Table of Contents
What are malware attacks
The malware was created in another era, in a distant server room, on a computer you’ve never used, running an operating system you’ve probably never heard of. In fact, the word “servant” was not common currency in those days.
1971/CREEPER: the origin of malware
Like many experiments in technology, CREEPER started out benign: a joke by famous programmer Bob Thomas , on a primitive Digital PDP-10 computer running software called TENEX that shared tasks with cupboard-sized processors.
All CREEPER did was display a message on the screen – on ticker, in fact – that was copied to other machines on the network. But as a proof of concept, it is recognized as the first malware . A piece of code designed for mischief. More damaging than the virus itself was the idea that gave it life. As computers shrunk and increased in power, moving from vast underground bunkers to offices and homes, this idea continued to advance and multiplied.
1986/Brain makes its way into our computers
The next 15 years did not get rid of the descendants of CREEPER. But with computers still rare and few connected to each other beyond small LANs, their effects were limited. Until 1986, when Brain started infecting floppy disks in the still recent IBM PCs.
Again, Brain was not designed to be evil. Written by two brothers in Pakistan, the virus made floppy disks unreadable in order to control piracy of a commercial software package made by themselves. When it was discovered, they offered affected legitimate users the resources to disinfect their disks.
But with the ability to make floppy disks unreadable, Brain went beyond CREEPER by not only sending a piece of text, but executing code. Brain was real malware, truly the first virus. His legacy lives on in every illicit virus circulating today. What happened to those pioneers of malware? His business is still running, operating an ISP in Pakistan. Apparently they still get calls from time to time.
Also read: How to spy on your Mobile for free
At this point, something was missing in the history of malware: true malice. All that changed in 1989, when Joseph Popp created the first ransomware .
Its creator, curiously, was a medical worker with a doctorate from Harvard University. Masquerading as a free application to test the subject’s susceptibility to HIV, it sent 5.25 ”diskettes to 20,000 addresses. This virus was called – with much political incorrectness – AIDS Trojan. Once on disk, it encrypted data on an encrypted volume that would only be decrypted for payment. The price was $ 189 to pay through an account in Panama.
Fortunately, few users suffered from it. But as the first ransomware, it created a lot of frustration, confusion, and anger among thousands of researchers.
In the 1990s, ransomware gained an evolutionary advantage. With public key cryptography, ransomware creators could unlock millions of discs encoded with a unique “key”, but only in conjunction with a second “key” purchased by the victim. In other words, your ransom payment would only unlock one computer: yours.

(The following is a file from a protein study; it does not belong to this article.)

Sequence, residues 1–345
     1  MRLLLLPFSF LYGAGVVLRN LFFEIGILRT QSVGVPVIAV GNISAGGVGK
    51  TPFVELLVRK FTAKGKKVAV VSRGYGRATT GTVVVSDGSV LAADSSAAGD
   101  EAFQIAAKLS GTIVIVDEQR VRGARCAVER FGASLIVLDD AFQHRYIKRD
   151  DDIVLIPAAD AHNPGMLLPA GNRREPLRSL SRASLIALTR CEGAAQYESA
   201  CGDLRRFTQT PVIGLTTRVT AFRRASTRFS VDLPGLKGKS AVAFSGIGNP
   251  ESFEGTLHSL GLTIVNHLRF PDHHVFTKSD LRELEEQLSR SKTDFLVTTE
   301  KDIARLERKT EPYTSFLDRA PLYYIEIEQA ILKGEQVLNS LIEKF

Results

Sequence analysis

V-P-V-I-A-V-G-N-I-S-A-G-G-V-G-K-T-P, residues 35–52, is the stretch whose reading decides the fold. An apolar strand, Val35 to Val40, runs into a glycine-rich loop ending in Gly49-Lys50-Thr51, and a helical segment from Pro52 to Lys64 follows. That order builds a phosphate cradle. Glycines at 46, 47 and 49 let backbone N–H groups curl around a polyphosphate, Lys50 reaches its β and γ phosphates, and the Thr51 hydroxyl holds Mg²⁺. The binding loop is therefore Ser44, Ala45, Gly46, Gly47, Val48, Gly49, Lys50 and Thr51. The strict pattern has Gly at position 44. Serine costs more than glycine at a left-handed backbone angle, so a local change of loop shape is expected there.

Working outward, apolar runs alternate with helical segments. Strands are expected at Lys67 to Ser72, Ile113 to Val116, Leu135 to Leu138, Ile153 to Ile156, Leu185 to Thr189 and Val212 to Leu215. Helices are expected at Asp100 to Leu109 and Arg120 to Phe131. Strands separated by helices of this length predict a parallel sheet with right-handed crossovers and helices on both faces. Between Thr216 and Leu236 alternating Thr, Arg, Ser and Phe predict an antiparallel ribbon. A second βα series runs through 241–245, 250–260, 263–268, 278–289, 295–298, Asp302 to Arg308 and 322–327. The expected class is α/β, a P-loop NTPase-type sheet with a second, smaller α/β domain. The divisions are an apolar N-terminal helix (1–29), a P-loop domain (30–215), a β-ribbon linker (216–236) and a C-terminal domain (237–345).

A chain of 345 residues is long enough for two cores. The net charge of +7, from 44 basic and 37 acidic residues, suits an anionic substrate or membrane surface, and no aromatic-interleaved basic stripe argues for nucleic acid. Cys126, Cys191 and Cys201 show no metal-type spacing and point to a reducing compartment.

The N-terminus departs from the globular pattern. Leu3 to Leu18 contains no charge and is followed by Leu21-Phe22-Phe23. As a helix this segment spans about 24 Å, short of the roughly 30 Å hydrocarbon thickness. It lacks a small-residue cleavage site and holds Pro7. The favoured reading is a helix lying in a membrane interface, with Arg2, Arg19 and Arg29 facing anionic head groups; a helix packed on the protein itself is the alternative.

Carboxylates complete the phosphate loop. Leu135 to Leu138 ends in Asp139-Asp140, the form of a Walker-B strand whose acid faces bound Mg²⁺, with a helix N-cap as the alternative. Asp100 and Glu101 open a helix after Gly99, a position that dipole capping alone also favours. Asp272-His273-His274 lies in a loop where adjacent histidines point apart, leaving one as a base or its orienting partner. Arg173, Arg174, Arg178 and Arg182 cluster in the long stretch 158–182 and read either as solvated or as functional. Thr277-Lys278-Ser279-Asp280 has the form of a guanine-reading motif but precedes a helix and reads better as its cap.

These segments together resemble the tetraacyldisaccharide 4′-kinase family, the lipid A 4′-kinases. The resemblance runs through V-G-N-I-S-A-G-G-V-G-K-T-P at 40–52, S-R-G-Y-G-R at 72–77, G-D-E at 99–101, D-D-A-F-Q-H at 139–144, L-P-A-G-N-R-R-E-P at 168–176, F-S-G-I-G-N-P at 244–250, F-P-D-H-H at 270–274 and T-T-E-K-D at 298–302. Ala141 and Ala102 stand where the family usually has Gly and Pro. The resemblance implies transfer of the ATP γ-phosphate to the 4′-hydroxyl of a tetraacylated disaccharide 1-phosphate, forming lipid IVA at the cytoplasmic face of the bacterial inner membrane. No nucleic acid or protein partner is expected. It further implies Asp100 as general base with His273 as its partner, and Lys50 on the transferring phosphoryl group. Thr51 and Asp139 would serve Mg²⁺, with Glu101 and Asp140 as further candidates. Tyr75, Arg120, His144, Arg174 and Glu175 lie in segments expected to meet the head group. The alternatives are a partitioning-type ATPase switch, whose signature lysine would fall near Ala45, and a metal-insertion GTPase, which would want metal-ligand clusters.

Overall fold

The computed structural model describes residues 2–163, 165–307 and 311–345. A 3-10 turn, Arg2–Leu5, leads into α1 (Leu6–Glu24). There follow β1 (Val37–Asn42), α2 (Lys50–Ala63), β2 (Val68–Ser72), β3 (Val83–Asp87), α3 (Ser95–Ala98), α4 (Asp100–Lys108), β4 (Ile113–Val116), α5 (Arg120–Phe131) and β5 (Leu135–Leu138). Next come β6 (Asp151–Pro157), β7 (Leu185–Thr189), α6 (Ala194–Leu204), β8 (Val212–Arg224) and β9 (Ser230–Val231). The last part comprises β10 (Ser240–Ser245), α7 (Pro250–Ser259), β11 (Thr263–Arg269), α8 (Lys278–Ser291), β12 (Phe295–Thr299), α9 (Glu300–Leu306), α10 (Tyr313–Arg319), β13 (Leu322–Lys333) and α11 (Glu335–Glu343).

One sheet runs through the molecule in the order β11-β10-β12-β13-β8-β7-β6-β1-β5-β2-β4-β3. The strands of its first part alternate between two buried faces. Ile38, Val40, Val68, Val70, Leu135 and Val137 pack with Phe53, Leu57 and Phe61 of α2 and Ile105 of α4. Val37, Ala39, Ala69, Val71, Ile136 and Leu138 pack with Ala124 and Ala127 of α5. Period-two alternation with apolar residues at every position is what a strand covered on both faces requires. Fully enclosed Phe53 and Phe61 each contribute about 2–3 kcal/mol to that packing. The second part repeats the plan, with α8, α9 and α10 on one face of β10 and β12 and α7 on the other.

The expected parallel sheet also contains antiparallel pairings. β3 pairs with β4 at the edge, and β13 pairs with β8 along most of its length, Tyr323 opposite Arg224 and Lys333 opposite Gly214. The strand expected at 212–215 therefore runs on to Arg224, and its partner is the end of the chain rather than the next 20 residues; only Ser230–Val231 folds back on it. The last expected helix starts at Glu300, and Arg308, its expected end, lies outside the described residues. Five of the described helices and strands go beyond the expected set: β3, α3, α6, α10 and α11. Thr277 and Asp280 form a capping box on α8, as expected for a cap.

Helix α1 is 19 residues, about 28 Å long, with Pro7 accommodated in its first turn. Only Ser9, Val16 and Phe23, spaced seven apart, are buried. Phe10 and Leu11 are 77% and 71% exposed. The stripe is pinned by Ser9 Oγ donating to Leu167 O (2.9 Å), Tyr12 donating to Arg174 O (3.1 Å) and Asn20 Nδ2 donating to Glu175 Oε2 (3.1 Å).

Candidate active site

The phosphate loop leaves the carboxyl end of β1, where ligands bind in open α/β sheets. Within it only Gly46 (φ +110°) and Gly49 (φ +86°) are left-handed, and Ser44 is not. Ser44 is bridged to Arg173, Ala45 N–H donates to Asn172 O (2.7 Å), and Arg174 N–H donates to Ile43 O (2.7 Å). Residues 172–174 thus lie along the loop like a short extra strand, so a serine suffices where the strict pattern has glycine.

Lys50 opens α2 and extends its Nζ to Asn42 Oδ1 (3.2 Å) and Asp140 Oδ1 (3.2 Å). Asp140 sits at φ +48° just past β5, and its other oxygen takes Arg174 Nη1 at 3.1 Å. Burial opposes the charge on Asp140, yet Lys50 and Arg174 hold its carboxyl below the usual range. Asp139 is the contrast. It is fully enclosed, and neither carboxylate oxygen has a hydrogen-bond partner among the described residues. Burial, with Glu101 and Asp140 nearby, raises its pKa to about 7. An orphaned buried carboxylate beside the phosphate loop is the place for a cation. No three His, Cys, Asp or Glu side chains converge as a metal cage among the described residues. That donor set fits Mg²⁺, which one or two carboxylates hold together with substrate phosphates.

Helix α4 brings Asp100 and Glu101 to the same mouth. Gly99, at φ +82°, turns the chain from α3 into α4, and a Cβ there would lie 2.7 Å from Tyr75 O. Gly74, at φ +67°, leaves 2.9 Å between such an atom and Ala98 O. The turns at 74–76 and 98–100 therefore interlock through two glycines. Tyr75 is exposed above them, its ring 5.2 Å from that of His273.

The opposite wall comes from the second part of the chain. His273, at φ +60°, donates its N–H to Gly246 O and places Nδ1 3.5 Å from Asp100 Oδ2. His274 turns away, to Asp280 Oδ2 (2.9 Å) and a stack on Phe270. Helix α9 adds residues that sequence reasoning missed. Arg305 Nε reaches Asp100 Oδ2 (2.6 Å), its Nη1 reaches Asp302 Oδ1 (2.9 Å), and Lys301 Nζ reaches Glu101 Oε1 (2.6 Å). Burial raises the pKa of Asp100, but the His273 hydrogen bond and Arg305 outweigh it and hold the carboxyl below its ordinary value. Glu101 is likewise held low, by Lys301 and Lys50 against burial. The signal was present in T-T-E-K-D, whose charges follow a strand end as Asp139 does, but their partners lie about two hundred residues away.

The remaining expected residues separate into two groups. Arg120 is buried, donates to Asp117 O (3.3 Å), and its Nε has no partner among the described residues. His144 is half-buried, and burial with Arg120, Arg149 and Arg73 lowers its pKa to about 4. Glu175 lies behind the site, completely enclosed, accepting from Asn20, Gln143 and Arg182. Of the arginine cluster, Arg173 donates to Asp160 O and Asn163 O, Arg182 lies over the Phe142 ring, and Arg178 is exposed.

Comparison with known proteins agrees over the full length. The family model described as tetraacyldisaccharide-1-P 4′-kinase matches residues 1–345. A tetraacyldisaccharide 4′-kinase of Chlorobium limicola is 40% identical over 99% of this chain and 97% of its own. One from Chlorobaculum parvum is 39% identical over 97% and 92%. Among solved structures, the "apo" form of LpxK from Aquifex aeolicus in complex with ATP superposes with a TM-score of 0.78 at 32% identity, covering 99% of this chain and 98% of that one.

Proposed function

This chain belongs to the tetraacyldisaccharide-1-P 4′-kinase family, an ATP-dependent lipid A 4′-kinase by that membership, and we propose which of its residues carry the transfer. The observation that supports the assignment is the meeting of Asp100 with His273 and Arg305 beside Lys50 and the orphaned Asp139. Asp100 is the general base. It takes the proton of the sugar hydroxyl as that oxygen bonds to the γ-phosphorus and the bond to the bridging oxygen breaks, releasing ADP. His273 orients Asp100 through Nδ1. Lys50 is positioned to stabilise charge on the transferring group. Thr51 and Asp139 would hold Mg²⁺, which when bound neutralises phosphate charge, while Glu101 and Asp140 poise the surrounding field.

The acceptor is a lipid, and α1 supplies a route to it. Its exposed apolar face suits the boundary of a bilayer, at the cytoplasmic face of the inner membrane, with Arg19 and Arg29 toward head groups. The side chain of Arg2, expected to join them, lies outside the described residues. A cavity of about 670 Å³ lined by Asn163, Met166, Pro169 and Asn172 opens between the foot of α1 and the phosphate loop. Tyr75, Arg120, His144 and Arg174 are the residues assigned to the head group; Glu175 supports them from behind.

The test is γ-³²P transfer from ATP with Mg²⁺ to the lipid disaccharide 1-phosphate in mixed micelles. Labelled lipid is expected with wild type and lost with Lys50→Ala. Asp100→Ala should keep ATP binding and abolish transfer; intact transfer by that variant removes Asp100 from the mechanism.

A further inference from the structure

At this point, cybercrime escalated. In 1995, millions of computers – not just from the world of academia – began connecting to a fun hormonal bulletin board called the World Wide Web. Today, ransomware is perhaps the most insidious threat to an individual’s connected work. It seals your data – and often your livelihood – within an encrypted safe, while payment is only accepted in BitCoin or other virtual currencies, leaving no trace in the formal financial system.
And there are too many paths to your data with everything connected to everything else. There can be a breach through the Internet of Things of Bring Your Own Device, cloud services, POS terminals, CCTV cameras, industrial control systems. Any device can be a gateway to corporate data and some they cannot even be locked.
So the next five years signal another change: towards machine learning or AI. In short, the attack software will be able to learn. Not just snooping around your server or flooding it, or tampering with your passwords, but adapting to attack where you are most vulnerable.
How to protect from malware attacks
Fortunately, there is some evolution. As attacks have grown more powerful, so have defenses. Most work computers have antivirus software installed; most users know how to keep patches and updates up to date; people want to learn, if you are willing to explain.
Furthermore, the same technologies that enable malware can be used to combat it. Millions of professionals store their data on encrypted volumes that cannot be maliciously tampered with. Around a fifth of PCs have full hard drive encryption, antivirus software vendors cover hundreds of millions of machines, learning from each attack and offering updates against the latest threats every day.
In this way, ransomware, despite always being a risk for businesses today, can be disarmed through adequate security policies and active monitoring of your network configuration, even in the world of BYOD and Shadow IT. So if you ever get depressed thinking about malware, remember that it can be fought.